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Sunday, September 16, 2018

Not a Baby Any More

Today William padded over to me while I was making brownies.  He lifted his chubby arms beseechingly to me, "Mommy! Mommy! Up!"  A few days ago I caught him coloring on the floor with a green marker.  I looked at him, he looked at me, and then he put the cap on the marker, got up, and handed it to me while looking fairly abashed.  When we fold our arms to pray before dinner, he looks around at all those pairs of arms quietly folded and quickly folds his own.

My baby isn't a baby any more.

I've found that I don't see my children grow up gradually.  I see them as a baby or a toddler or a little child or a big child or a young women for years.  And then one day, my perspective shifts and they've moved on to the next stage.  I stop seeing them, treating, and expecting them to act as a baby and everything changes at once to toddler.  Yesterday they couldn't be expected to talk and today they are. 

William has been our baby for the last year and a half, but now we don't have a baby anymore.  He can feed himself (not with silverware and not soup), he gets up and down stairs without any hesitation, he lets himself out to play in the yard, he often does what I ask him to, he tries to repeat whatever I tell him, and he makes faces that he finds to be very, very funny.

I've found after having a few children that my favorite child stage is eighteen months to three years, and William has only reinforced that preference.  He is mostly cognizant of what is going on and is starting to communicate, but he hasn't become willful yet.  I love the stupid, unknowing, innocent gaze of a toddler and their wholeheartedly delighted smile and laugh when you please them.  I love how snuggling into my shoulder with a blanket makes everything in the world right again, and they are endlessly delighted by reading Where the Wild Things Are every single night.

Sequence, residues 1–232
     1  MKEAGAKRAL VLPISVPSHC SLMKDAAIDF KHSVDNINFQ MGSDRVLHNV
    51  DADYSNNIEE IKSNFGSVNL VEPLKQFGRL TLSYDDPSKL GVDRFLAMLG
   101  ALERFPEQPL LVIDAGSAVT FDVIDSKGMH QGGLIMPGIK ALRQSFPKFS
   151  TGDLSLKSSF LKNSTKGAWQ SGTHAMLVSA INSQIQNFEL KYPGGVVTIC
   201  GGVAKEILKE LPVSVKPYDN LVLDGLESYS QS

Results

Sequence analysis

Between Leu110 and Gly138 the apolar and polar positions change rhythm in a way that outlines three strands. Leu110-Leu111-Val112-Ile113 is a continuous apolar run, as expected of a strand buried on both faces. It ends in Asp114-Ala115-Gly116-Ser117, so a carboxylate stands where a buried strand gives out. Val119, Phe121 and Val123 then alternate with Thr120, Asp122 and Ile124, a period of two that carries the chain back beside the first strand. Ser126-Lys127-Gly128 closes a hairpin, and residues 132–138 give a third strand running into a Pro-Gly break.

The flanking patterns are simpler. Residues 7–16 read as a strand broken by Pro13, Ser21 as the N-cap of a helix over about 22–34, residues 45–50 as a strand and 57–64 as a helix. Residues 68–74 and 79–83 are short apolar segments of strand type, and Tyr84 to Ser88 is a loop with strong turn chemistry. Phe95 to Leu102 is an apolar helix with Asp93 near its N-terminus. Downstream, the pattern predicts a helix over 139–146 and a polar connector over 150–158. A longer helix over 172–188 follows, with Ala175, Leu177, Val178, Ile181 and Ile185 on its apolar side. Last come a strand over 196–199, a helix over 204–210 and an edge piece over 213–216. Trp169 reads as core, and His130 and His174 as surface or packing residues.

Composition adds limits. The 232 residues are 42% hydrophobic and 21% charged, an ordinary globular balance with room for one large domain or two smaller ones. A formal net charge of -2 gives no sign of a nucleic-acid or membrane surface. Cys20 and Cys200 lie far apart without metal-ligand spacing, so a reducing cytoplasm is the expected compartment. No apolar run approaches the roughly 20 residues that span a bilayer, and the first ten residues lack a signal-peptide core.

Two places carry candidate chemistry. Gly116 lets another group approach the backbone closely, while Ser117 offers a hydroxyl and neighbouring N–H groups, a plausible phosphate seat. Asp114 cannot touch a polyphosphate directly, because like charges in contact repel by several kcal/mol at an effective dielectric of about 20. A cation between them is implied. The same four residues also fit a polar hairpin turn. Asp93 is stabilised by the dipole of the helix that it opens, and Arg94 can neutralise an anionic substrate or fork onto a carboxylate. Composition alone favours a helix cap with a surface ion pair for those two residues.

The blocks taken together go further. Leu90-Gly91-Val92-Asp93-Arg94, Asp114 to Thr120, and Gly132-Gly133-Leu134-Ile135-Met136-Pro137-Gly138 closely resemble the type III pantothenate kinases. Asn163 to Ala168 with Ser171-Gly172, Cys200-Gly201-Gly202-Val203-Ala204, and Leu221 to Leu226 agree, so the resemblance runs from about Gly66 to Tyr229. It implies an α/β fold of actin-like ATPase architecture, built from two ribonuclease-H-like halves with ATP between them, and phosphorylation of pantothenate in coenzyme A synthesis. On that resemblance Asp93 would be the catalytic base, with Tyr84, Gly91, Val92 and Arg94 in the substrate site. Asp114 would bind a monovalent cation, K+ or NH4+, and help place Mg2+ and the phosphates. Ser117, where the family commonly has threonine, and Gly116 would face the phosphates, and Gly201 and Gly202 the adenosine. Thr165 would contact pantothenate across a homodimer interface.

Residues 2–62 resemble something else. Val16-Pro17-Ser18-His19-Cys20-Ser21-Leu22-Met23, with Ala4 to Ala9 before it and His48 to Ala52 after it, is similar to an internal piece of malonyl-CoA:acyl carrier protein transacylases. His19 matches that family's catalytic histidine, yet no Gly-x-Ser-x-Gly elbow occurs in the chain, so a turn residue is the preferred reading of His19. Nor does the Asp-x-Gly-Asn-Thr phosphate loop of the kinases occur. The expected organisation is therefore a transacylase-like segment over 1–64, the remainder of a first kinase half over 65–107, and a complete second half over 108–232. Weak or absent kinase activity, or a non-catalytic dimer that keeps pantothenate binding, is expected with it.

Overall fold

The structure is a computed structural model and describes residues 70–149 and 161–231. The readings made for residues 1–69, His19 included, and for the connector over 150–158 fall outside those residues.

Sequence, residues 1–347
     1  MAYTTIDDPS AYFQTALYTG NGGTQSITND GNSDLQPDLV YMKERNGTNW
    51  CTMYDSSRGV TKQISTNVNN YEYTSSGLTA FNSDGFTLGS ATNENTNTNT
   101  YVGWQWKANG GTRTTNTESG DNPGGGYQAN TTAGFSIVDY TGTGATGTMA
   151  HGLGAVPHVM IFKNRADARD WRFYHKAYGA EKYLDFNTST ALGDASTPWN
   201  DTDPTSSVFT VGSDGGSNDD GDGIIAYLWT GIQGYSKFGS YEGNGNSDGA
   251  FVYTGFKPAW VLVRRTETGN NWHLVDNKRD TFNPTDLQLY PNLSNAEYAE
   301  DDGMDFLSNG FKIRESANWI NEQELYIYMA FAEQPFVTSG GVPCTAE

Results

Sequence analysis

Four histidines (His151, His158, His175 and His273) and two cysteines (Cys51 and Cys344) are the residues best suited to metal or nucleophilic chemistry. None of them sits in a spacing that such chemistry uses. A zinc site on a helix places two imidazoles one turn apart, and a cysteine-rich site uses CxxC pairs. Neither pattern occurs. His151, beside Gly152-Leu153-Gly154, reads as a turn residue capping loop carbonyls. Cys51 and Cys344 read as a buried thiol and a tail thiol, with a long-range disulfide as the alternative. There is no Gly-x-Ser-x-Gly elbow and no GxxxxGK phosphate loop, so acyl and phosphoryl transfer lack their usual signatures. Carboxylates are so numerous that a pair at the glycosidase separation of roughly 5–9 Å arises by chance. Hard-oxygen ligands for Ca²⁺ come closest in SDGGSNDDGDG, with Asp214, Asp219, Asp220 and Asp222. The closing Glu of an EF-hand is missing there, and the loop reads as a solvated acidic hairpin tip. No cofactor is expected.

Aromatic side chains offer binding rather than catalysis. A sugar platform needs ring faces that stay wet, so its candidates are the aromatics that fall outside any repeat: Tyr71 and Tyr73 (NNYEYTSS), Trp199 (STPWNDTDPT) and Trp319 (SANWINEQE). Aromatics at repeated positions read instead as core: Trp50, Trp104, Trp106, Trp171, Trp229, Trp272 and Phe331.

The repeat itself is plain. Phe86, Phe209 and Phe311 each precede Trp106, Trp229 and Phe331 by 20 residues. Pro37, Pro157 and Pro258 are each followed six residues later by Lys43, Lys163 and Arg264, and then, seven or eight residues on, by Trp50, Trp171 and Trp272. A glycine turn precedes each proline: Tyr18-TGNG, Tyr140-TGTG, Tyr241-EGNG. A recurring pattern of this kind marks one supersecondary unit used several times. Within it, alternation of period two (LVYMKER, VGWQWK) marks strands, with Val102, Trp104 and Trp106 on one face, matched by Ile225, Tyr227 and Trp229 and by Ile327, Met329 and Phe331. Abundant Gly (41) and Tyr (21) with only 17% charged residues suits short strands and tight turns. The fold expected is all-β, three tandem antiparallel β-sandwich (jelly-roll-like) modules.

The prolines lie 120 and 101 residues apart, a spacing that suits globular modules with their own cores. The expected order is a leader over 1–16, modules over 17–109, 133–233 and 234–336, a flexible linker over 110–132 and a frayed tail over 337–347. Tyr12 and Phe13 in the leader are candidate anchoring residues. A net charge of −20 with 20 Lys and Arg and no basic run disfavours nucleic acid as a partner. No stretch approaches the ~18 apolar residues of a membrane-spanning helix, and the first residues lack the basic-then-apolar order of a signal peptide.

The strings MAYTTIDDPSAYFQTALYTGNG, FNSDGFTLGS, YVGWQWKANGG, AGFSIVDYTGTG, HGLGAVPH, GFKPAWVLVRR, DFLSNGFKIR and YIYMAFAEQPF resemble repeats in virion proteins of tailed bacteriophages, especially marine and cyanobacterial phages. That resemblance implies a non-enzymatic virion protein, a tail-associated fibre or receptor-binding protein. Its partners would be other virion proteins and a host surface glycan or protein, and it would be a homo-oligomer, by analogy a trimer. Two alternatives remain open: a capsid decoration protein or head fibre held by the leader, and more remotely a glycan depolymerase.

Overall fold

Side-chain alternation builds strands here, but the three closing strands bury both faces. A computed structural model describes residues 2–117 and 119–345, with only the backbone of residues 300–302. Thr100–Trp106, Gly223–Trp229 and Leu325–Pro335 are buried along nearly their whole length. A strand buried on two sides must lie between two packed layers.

Having a child who is right on the edge of bursting into full young womanhood helps me appreciate my sweet little toddler even more.  I know that soon enough he will be straining to grow up and become part of the adult world and for now I am happy to delight him with a second brownie followed by a tickle at bedtime.  And also, that oldest daughter can help with the dishes while I'm singing a second song to William before putting him to bed.

I used to be so anxious for my babies to grow up because I needed them to become something other than another burden in my already-full load.  But now the load has been shared around and I can enjoy savoring the sweet innocence of toddlerhood.  Soon enough it will only be a memory, so I'll hold on tight as long as I can.

Thursday, September 13, 2018

Uzbek Campsite Reconnaissance, or My, How Close Kazakhstan Is!

Katheen's contribution: